Opponents of the hotly discussed redesign of LACMA will face off with director Michael Govan in a Debate Over the New LACMA. Presented by KPCC and the 3rd Los Angeles Project, and moderated by the ever level-headed L.A. Times architecture critic Christopher Hawthorne, the discussion will address the proposed dramatic reinvention of the museum complex — with its curved, amoeba-like design — and its effects on the Mid-Wilshire area. How will the coming Metro affect traffic? Will there really be a suspended train that toots every hour? And are they going to remove the fountains into which I've been throwing blue pennies for the past 20 years? I'd like to keep doing that. Thorne Hall, Occidental College, 1600 Campus Road, Eagle Rock; Wed., March 25, 7:30 p.m.; free. (323) 259-2677, oxy.edu/third-los-angeles-project. —David Cotner
Kirk Honeycutt discusses his new book, John Hughes: A Life in Film. Honeycutt chronicles the life and career of the "Teen King" director of such coming-of-age classics as Sixteen Candles, The Breakfast Club and Ferris Bueller's Day Off. Honeycutt, former chief film critic at The Hollywood Reporter, interviewed the filmmaker, who died in 2009. The book includes behind-the-scenes stories of some of Hughes' productions, as well as new interviews with Judd Nelson, Matthew Broderick, Christopher Columbus, Steve Martin and others. The Last Bookstore, 453 S. Spring St., downtown; Wed., March 25, 7:30 p.m.; free. (213) 488-0599, lastbookstorela.com —Siran Babayan
Sci-Fiesta! would like to show you that "new science fiction from Bangladesh and Cuba" is a real thing. And not only real but apparently innovative, vibrant and, sort of like soccer, wildly popular everywhere else around the globe already. The good news is, tonight's free event helps U.S. audiences get all caught up with the future, by way of the fresh new work of two leading authors — Bangladesh's Saad Hossain and Cuba's Yoss, who is the subject of a new short film premiering tonight — along with lively conversation and music by Kennedy's Space Station. Center for the Arts, Eagle Rock, 2225 Colorado Blvd.; Thu., March 26, 7:30 p.m.; free. (323) 226-1617, phonemebooks.com. —Shana Nys Dambrot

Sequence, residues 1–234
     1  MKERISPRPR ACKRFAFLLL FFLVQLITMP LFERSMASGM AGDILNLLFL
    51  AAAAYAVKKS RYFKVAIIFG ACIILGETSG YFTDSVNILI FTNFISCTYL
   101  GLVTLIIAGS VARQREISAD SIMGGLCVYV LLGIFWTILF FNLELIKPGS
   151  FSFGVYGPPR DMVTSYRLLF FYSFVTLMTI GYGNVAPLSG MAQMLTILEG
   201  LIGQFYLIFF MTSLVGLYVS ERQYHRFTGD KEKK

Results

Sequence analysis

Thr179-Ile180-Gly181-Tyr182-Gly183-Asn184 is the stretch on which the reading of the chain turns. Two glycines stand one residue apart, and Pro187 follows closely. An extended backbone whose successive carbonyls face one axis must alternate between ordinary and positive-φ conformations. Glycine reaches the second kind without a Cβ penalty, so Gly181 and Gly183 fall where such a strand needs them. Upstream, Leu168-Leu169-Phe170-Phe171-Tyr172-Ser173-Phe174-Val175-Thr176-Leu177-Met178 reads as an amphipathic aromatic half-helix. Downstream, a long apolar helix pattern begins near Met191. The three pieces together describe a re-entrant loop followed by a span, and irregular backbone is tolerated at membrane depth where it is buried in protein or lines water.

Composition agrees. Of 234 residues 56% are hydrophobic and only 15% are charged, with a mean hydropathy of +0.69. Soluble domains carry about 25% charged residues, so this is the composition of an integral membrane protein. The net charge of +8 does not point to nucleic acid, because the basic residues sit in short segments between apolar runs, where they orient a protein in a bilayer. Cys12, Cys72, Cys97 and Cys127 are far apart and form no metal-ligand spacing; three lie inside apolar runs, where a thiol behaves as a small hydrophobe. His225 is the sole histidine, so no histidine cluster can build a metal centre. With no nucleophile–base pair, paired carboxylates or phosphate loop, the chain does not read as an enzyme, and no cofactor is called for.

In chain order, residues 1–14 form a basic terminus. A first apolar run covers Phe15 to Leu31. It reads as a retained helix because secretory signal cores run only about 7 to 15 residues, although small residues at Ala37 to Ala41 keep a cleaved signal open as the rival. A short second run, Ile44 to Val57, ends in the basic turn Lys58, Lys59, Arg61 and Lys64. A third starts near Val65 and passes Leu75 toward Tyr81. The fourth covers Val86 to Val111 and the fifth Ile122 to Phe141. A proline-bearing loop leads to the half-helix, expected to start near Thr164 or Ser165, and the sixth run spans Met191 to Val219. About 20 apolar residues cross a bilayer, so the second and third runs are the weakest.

If you like this story, consider signing up for our email newsletters.
SHOW ME HOW
You have successfully signed up for your selected newsletter(s) - please keep an eye on your mailbox, we're movin' in!
Tonight's Hammer Conversations discusses the challenges facing travelers by bringing together Department of Transportation managers from two of the biggest metropolises on the planet. L.A. DOT general manager Seleta Reynolds wrangles 2,000 employees and 6,500 miles of streets with an annual budget of slightly over half a billion dollars. Janette Sadik-Khan was the innovative NYC DOT commissioner from 2007 to 2013, and she had to deal with all that and ferries, too. Some potential questions at hand: why some street lamps stay on all day, how to solve the pothole problem and why is this light taking so long to change. Hammer Museum, 10899 Wilshire Blvd., Westwood; Thu., March 26, 7:30 p.m., free. (310) 443-7000, hammer.ucla.edu. —David Cotner
Follow us on Facebook and Twitter: